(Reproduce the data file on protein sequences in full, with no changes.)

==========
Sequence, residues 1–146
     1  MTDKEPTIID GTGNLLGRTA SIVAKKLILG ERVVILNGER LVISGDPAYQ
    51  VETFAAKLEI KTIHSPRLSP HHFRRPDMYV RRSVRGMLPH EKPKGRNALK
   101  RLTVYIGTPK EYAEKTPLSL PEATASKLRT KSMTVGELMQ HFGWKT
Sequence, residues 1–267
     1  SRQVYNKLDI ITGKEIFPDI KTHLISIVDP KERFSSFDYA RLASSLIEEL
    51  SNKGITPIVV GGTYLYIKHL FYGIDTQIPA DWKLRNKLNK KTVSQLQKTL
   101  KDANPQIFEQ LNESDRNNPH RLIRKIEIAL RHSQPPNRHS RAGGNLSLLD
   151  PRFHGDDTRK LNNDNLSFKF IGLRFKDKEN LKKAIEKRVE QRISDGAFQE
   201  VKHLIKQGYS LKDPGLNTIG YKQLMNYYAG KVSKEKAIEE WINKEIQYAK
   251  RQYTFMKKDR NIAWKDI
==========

Sequence, residues 1–146
     1  MTDKEPTIID GTGNLLGRTA SIVAKKLILG ERVVILNGER LVISGDPAYQ
    51  VETFAAKLEI KTIHSPRLSP HHFRRPDMYV RRSVRGMLPH EKPKGRNALK
   101  RLTVYIGTPK EYAEKTPLSL PEATASKLRT KSMTVGELMQ HFGWKT
Sequence, residues 1–267
     1  SRQVYNKLDI ITGKEIFPDI KTHLISIVDP KERFSSFDYA RLASSLIEEL
    51  SNKGITPIVV GGTYLYIKHL FYGIDTQIPA DWKLRNKLNK KTVSQLQKTL
   101  KDANPQIFEQ LNESDRNNPH RLIRKIEIAL RHSQPPNRHS RAGGNLSLLD
   151  PRFHGDDTRK LNNDNLSFKF IGLRFKDKEN LKKAIEKRVE QRISDGAFQE
   201  VKHLIKQGYS LKDPGLNTIG YKQLMNYYAG KVSKEKAIEE WINKEIQYAK
   251  RQYTFMKKDR NIAWKDI